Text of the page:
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Last Updated on 26 July 2016, Total: 1452 Articles and Tutorials

81 Cloud Computing
89 Common for all OSes
42 Dial up, ICS, RAS, ADSL
295 General Networking
7 Interviews
48 Network Protocols
86 Network Troubleshooting
40 Product Reviews
10 VoIP
9 Windows 10
32 Windows 2000
93 Windows 2003
116 Windows 7
10 Windows 8
20 Windows 95/98/ME
29 Windows NT 4
135 Windows Server 2008
150 Windows Server 2012
59 Windows Vista
57 Windows XP
44 Wireless Networking
  1. Understanding the HTTP Protocol (Part 3)

    In part two of this article series we covered all of the HTTP metrics that were sent by the web server. We also expanded a bit more on HTTP, and how the Internet largely communicates using the client/server model. In this last part on HTTP we will further delve into the inner designs of HTTP, and show you a tool... Read More

  2. Outlining Components Needed for Creating a VPN Server

    Over the last few years, VPNs have gone from relative obscurity to great popularity. Even so, you don’t want to throw together a VPN haphazardly. After all, a VPN is a direct portal into your private network, and it is essential that it be secure. If your VPN isn’t secure, then nothing else on your network will be secure either... Read More

  3. Understanding the SMTP Protocol

    Who amongst us doesn’t like getting email? We all do of course! It is just like looking in the mailbox every morning after the postman comes by. How does email work though, and just what makes it arrive to our inbox? This will all be explained in this article giving you a far better understanding of how email works... Read More

  4. Working With Application Pools in Internet Information Server

    If your IIS Server hosts multiple Web sites, then buggy code within any one of those sites can bring down the other sites. I should know; it happened to me. Fortunately, there is something that you can do to prevent this from happening. In this article, I will show you how you can use application pools to prevent problems with... Read More

  5. Understanding the HTTP Protocol (Part 2)

    In part one of this article series, we covered the HTTP traffic metrics that come from a web browser client. This second part will cover what the web server itself will send, and expand a little more on HTTP itself... Read More

  6. Using Tracert

    Tracert (also known as traceroute) is a Windows based tool that allows you to help test your network infrastructure. In this article we will look at how to use tracert while trying to troubleshoot real world problems. This will help to reinforce the tool's usefulness and show you ways in which to use it when working on your own networks... Read More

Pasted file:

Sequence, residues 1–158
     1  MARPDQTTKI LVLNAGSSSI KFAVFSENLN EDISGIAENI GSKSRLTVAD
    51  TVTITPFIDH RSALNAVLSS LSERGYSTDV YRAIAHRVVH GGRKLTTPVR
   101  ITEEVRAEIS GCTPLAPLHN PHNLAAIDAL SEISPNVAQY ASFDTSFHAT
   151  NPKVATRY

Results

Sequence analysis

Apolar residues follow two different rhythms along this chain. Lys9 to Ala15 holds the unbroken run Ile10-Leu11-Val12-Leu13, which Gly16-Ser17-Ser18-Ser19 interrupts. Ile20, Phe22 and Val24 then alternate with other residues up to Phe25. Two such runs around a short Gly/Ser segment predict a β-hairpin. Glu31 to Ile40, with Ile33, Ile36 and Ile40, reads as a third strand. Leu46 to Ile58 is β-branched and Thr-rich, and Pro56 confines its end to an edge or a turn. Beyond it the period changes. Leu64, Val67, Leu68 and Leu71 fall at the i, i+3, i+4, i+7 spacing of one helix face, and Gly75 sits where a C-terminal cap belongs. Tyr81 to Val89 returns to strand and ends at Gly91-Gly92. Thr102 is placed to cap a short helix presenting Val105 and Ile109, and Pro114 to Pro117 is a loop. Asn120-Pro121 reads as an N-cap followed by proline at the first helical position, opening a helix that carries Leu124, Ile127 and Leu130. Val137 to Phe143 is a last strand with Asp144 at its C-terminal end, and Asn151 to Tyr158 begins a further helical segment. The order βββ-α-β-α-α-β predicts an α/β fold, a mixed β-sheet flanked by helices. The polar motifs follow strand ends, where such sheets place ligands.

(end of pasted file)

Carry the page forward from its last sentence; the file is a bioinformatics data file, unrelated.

7. Using NSLOOKUP for DNS Server diagnosis

    The DNS protocol has been around for decades and is a stable and reliable protocol. Even so, DNS does occasionally have problems. PING is a great tool for DNS server diagnosis, and I tend to use it quite frequently myself. However, sometimes PING just doesn’t give you enough information about the problem at hand. When you need more information about... Read More

  8. Understanding the HTTP Protocol (Part 1)

    The Internet is composed of all kinds of packets containing various types of traffic. One of the most used application layer protocols is HTTP. We will take a look at what really happens during an HTTP transaction, and thereby gain a deeper understanding of what this protocol is about... Read More

  9. File System Planning for Active Directory 101

    When you are going to install Active Directory in an organization, it’s always wise to consider the base operating system install and to verify that a few important configurations are done in advance. One of the most important being the planning of the local server file system. Although commonly not overlooked, it is not commonly understood why it’s so important... Read More

  10. Running Windows Under Non-Admin Accounts

    Everyone knows that one of the most important principles of network security is least privilege: grant ordinary users only those rights and permissions they need to get their work done and no more. For example, if ordinary users don’t need access to sensitive data stored in the Accounting share, don’t give them any permissions on that share, either through shared... Read More

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